• A/C on? Crack the windows—slightly. This will give hot air a place to escape, helping your car’s interior cool down more efficiently, which reduces the fuel needed. And use the re-circulation function instead of constantly sucking in new hot air from outside the vehicle (which then has to be cooled down from scratch).

  • Switch to a synthetic motor oil. Synthetics like Amsoil may give you a slight bump in mileage.

Tip 3: Use a GPS device—or two

GPSA GPS device is a useful road trip tool (and not just because getting lost is a waste of gas), but not all of them are created equal. Look for one that can calculate the shortest route between two points (surprisingly it’s not true with all of them). And, unless you’re driving a Hummer, be sure the device can tell you if the route includes an unpleasant dirt road. I travel with two GPS devices—not only do I rely on features unique to each, but each will sometimes route me in different directions.

Tip 4: Go online

  • Use a TripTik. Oh, how the good old AAA TripTik has grown up! Not only are these customizable road-trip routers online, but now they come with gas station locations and date-stamped fuel prices along the route. While it’s impossible to nail exact pump prices from day to day with costs changing so rapidly (fuel prices along a sample route I input were between two and eight days old), AAA does its best by getting numbers at more than 100,000 stations across the U.S. directly from the Oil Price Information Service (OPIS), which gets its prices from selected gas purchases at more than two-thirds of America’s gas stations.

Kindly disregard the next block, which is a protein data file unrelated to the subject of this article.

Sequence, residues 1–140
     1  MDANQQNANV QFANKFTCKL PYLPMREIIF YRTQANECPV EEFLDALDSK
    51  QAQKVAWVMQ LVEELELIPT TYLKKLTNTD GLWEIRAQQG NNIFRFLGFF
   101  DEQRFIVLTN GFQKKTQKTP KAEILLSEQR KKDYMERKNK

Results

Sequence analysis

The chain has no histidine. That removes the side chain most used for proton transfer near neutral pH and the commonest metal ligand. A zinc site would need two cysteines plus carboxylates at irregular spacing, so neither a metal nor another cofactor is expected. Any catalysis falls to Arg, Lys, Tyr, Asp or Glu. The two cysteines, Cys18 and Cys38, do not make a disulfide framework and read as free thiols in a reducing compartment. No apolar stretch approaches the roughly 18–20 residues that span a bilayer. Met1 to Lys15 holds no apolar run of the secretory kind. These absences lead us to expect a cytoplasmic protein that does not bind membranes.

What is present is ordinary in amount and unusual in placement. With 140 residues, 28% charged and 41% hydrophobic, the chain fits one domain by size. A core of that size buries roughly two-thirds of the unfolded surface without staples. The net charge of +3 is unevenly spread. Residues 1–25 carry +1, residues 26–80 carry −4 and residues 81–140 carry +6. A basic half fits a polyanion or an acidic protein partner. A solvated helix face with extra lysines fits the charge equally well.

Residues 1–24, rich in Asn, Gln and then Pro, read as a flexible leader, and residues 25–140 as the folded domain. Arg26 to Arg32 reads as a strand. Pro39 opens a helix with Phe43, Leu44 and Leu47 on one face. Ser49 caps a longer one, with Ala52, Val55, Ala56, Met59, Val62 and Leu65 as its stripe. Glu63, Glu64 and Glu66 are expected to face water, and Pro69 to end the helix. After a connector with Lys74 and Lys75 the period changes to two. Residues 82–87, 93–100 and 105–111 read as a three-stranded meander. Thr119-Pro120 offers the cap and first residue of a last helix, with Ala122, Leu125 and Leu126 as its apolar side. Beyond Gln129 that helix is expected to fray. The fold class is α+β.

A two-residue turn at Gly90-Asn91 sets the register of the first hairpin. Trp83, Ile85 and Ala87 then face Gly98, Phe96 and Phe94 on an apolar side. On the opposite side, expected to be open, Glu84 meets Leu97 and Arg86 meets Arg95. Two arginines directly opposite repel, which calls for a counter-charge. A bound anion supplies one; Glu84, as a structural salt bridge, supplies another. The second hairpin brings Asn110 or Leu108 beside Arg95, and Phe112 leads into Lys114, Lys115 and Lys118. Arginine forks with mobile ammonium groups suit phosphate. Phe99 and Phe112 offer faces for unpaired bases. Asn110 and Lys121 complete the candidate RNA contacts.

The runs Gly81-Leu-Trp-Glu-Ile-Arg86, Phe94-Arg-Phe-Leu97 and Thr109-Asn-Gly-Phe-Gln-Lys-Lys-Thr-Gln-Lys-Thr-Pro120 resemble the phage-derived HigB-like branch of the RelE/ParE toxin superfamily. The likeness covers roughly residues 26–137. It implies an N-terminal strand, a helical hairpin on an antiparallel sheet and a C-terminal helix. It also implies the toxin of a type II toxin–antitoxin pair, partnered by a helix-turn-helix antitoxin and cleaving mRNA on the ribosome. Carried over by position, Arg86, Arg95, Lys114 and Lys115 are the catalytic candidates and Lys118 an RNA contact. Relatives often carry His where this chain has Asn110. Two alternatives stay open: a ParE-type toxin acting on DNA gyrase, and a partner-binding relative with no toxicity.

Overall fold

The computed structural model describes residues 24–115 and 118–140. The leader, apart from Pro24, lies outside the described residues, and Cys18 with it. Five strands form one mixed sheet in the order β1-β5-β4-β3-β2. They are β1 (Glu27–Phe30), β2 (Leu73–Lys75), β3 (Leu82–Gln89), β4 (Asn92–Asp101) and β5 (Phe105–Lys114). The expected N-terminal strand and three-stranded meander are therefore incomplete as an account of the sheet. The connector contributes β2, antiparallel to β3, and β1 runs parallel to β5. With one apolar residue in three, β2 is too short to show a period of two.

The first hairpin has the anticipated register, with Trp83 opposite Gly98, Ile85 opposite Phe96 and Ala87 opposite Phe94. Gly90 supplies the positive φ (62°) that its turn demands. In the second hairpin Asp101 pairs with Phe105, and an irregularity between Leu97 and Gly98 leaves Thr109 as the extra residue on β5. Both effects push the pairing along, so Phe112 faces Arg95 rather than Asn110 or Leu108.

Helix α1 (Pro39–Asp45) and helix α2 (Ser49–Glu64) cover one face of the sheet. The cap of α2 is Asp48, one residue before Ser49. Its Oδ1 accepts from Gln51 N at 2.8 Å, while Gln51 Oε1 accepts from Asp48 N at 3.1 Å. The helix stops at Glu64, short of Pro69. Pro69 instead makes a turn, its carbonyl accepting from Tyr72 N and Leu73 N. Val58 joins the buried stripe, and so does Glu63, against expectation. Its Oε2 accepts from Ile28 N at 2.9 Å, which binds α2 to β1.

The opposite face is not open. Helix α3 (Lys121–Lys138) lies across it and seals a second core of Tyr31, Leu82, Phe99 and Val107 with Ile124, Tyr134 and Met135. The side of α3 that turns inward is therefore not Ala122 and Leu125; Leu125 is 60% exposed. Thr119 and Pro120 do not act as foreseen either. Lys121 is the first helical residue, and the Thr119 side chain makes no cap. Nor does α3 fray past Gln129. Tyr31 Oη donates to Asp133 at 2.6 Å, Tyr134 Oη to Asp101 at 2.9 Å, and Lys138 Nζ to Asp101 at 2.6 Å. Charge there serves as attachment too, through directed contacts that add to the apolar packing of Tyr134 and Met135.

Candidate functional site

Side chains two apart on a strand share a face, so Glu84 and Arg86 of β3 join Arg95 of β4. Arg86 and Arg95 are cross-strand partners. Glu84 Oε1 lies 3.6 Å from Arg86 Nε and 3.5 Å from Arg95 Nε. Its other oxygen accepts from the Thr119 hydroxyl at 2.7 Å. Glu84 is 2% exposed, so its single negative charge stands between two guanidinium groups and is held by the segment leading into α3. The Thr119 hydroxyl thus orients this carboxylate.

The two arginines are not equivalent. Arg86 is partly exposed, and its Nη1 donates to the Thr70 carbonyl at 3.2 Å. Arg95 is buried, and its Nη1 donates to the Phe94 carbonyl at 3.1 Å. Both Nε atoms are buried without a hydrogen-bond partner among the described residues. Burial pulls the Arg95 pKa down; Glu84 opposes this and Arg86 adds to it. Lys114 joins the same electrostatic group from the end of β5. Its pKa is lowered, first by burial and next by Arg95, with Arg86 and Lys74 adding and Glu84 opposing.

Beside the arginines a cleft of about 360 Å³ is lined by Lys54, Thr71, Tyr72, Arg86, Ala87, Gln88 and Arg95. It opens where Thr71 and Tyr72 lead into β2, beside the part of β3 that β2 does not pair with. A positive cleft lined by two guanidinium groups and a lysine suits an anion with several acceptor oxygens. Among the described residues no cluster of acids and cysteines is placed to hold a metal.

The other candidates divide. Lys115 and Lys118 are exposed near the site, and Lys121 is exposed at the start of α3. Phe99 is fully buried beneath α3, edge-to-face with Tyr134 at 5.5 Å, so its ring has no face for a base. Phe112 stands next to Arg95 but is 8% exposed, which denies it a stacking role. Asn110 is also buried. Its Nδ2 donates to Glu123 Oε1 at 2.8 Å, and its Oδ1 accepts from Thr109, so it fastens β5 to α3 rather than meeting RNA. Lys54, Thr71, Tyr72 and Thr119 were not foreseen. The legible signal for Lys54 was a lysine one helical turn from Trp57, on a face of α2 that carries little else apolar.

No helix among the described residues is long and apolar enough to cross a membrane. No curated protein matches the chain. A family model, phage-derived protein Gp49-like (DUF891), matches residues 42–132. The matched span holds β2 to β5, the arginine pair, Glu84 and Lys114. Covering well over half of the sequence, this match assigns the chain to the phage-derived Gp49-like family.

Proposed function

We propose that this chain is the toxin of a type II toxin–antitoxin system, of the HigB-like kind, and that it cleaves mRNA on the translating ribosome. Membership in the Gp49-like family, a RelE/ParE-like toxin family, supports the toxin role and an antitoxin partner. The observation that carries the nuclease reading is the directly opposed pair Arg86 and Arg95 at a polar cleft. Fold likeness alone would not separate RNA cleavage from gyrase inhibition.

• Get a 2nd opinion. Fuel Me Up lists date-stamped pump price data based on actual credit card transactions at actual stations.
  • What to avoid. Sites that rely on “user data,” like Gas Buddy, which is increasingly full of flat-out wrong data—I recently drove miles out of my way in pursuit of a great price, only to find that the station listed didn’t even exist!

Tip 5: Stay on top of maintenance

maintenanceYou may be tempted to skimp on visits to the mechanic and use the money to pay for gas instead, but getting a tune up and replacing air and fuel filters at recommended intervals will help improve engine efficiency and boost mileage. A practically free fix? Make sure your tires are inflated to the manufacturer-recommended PSI to reduce road drag caused by under-inflation—something that can reduce your mileage by up to two percent per pound of pressure, according to AAA.

 

Tip 6: Check the calendar